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7 Principles of Ergonomic Interior Design

Tuesday, January 25, 2011
By Anne Kramer

Ergonomics as a science strives to bridge the gap between man and his surroundings. The knowledge gained in this endeavor is most commonly applied in the workplace setting. That is, it is thought that by applying ergonomic principles to the design of the workplace and tools, greater functionality can be achieved, yielding higher productivity and lower incidence of worker injury.

Of course, all this is true. But seldom considered, by comparison, are the practical applications of ergonomic intuition to the design of the home. Ergonomically-minded interior design produces living spaces that are not only "easier" to live in, but by virtue of this ease, facilitate "happier" living.

In their 1998 paper "The Universal Design File: Designing for People of All Ages and Abilities," Story, Mueller, and Mace outlined seven principles of what has come to be known as "Universal Design" in North America, and "Inclusive Design" or "Design for All" in other parts of the world. Having evolved since the 1970s, this approach to design seeks to create environments that are "usable by all people to the greatest extent possible."

According to Story et al, these spaces should encompass:

  1. Equitable use: The design is useful and marketable to people with diverse abilities.
  2. Flexibility in use: The design accommodates a wide range of individual preferences and abilities.
  3. Simple and intuitive use: Use of the design is easy to understand, regardless of the user’s experience, knowledge, language skills, or current concentration level.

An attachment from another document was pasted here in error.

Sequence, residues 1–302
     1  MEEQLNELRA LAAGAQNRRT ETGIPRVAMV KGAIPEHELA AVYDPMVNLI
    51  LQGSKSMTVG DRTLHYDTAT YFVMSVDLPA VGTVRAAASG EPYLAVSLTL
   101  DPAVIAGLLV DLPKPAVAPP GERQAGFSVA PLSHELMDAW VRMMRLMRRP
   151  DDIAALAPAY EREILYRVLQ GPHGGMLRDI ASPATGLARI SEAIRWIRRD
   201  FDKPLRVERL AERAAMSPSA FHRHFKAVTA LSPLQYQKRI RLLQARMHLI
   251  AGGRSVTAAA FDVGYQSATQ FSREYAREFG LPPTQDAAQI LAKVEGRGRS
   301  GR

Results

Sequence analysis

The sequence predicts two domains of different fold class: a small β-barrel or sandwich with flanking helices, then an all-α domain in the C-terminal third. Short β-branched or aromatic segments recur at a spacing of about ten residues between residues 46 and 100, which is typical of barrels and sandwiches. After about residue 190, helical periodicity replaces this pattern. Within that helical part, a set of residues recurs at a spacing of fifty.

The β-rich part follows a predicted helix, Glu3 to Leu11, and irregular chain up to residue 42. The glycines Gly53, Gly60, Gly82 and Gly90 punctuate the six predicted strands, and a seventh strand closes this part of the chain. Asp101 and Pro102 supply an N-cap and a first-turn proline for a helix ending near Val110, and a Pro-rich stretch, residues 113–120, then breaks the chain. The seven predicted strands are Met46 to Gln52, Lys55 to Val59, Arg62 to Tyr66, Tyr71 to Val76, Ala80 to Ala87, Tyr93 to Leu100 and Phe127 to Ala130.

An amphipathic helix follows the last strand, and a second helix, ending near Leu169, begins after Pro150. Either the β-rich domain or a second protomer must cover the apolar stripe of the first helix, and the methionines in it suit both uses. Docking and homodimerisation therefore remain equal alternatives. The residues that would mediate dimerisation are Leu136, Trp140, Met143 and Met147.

4. Perceptible information: The design communicates necessary information effectively to the user, regardless of ambient conditions or the user’s sensory abilities.
  5. Tolerance for error: The design minimizes hazards and the adverse consequences of accidental or unintended actions.
  6. Low physical effort: The design can be used efficiently and comfortably, and with a minimum of fatigue.
  7. Size and space for approach and use: Appropriate size and space is provided for approach, reach, manipulation, and use, regardless of the user’s body size, posture, or mobility.

It is not difficult to see how living spaces which strive to embody these qualities would not only be easier to use, but would most likely increase home productivity. Imagine, for example, a living room which utilized thoughtfully-designed lighting fixtures, placed such that they illuminate adequately the areas of interest within the room. Chairs, tables, and footstools would be easy to relocate, thereby making the space amenable to a wider range of uses, while each furniture piece would be able to accommodate persons of every size and ability.

This room, and others designed with Universal Design in mind are easier to use, and facilitate happier living.




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